World Series Blog 3: How Technology Ruined Baseball

 

It’s been almost thirty years since MTV started shrinking my attention span with three minute bursts of entertainment. The progression of technology since has made entertainment more readily available and more personal. If we’re measuring from the end of World War II, then it starts as a slow progression, but thanks to Moore’s Law (look it up), technology has advanced at an increasing rate which enables me to get to my point before I lose interest.

Here’s how it went:

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    1945 – Radio – baseball was edge-of-your-seat exciting.
    1955 – TV – 3 Channels. You’d watch a monkey washing a cat. You’d damn sure watch baseball.
    1965 – Still just 3 Channels. Your choices were watch Vietnam or watch baseball. In two years you could add Star Trek to the list.
    1975- 5 TV channels  –  baseball was still slow and no one noticed. We even sometimes listened to games on the radio for the nostalgia, and so we wouldn’t have to see Rollie Fingers’ mustache.
    1985 – Cable TV – more channels. Should we watch baseball or 540 music videos. Tough choice, steroid abuse made baseball a little more appealing, which made the choice easier.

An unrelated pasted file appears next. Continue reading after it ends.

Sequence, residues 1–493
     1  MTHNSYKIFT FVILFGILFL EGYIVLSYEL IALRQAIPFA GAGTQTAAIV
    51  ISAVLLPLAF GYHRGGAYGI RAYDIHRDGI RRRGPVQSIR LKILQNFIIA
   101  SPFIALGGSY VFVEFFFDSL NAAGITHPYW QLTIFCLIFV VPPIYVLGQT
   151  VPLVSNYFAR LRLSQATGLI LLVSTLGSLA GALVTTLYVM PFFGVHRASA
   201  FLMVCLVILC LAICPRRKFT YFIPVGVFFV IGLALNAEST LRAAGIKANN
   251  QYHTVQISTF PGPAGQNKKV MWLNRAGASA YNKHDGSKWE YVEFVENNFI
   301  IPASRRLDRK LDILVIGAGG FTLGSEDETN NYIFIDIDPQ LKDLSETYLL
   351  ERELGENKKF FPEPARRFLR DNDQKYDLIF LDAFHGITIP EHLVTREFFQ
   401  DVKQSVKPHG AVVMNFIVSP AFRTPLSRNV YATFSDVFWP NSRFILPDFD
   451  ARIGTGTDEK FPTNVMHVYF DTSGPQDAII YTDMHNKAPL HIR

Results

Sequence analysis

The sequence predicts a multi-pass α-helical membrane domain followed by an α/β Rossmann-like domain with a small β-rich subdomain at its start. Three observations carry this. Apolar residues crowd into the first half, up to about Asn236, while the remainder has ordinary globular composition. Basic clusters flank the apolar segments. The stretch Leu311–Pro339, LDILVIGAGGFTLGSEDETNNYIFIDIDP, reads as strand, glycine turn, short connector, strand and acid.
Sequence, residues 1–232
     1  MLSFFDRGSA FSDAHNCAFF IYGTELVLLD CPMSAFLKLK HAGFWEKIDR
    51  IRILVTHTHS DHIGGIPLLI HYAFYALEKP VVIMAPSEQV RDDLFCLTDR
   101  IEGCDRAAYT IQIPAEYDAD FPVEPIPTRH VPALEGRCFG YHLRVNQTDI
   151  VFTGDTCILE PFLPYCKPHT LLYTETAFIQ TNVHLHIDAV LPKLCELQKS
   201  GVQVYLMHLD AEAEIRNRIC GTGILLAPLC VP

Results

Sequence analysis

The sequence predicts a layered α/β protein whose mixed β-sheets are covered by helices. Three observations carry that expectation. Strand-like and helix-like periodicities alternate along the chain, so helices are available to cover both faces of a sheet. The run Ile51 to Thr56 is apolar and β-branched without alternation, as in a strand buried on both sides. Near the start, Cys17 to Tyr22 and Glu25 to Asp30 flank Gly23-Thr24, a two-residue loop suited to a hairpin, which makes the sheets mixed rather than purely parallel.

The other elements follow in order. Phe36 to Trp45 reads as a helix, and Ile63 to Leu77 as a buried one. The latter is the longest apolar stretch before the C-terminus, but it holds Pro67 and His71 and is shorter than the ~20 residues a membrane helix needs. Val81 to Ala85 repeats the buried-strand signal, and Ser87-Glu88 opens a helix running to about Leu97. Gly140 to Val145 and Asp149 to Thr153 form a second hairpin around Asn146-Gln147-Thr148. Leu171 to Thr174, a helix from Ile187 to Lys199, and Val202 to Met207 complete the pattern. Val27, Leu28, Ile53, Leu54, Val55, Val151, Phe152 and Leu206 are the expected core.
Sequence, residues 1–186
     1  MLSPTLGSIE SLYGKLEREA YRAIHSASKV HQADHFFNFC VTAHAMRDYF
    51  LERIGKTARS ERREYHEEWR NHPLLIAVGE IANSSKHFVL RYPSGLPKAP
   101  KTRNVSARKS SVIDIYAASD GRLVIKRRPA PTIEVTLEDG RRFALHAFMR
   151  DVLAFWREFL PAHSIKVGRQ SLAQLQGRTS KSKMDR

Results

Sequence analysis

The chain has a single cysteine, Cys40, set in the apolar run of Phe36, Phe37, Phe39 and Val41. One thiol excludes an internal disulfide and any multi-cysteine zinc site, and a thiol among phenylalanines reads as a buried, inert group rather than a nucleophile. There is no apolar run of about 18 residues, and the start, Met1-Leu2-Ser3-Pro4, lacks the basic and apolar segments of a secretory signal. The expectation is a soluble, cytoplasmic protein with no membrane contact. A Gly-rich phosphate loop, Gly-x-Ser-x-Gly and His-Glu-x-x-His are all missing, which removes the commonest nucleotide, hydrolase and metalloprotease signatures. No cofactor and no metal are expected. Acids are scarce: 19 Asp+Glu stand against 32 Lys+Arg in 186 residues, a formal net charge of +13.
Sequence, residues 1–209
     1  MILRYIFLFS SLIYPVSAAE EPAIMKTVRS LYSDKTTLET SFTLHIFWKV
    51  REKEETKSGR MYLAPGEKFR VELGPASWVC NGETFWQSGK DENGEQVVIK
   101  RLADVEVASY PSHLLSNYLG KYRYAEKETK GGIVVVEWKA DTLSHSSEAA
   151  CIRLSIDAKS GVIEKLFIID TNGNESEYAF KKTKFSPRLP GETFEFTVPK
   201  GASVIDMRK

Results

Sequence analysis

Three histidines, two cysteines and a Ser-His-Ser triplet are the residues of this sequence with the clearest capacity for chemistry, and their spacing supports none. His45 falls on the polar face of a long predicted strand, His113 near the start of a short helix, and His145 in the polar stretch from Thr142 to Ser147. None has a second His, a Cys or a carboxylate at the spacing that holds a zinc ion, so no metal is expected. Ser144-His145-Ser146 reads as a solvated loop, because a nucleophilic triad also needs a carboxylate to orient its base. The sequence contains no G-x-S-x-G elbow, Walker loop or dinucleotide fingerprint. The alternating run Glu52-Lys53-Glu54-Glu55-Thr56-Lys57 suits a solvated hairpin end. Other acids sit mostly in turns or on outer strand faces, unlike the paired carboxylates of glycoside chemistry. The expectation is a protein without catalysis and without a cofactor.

1995 – Internet – Baseball or porn? Why not both. You may not know this, but the history of the Internet dates back to the 1960’s. Formal Internet Protocols were established in 1982. Chances are, you first experienced it in the mid to late 1990’s. Then checking your email or chatting via AOL were such novelties that they interrupted most of your life.

    2003 – MySpace. Birth of social networking. More distraction.
    2006 – Facebook. Ever growing need to know what your third cousin ate for lunch. Baseball seems kind of boring in contrast
    2007 – iPhone. OMG! Social networking in my pocket. The whole Internet to look at while Jeter fouls twenty consecutive pitches.
    2010 – iPad / Android phones / Android tablets. I’m streaming the exciting parts of the game real time thanks to my nifty MLB app. There’s no need to spend three hours (or four if it’s on FOX, thanks to the three minute commercial breaks) if I can watch it in three minutes. Besides I’m playing Words with Friends, checking email, updating Twitter, and watching a monkey wash a cat on YouTube. Who cares what’s happening on the TV.
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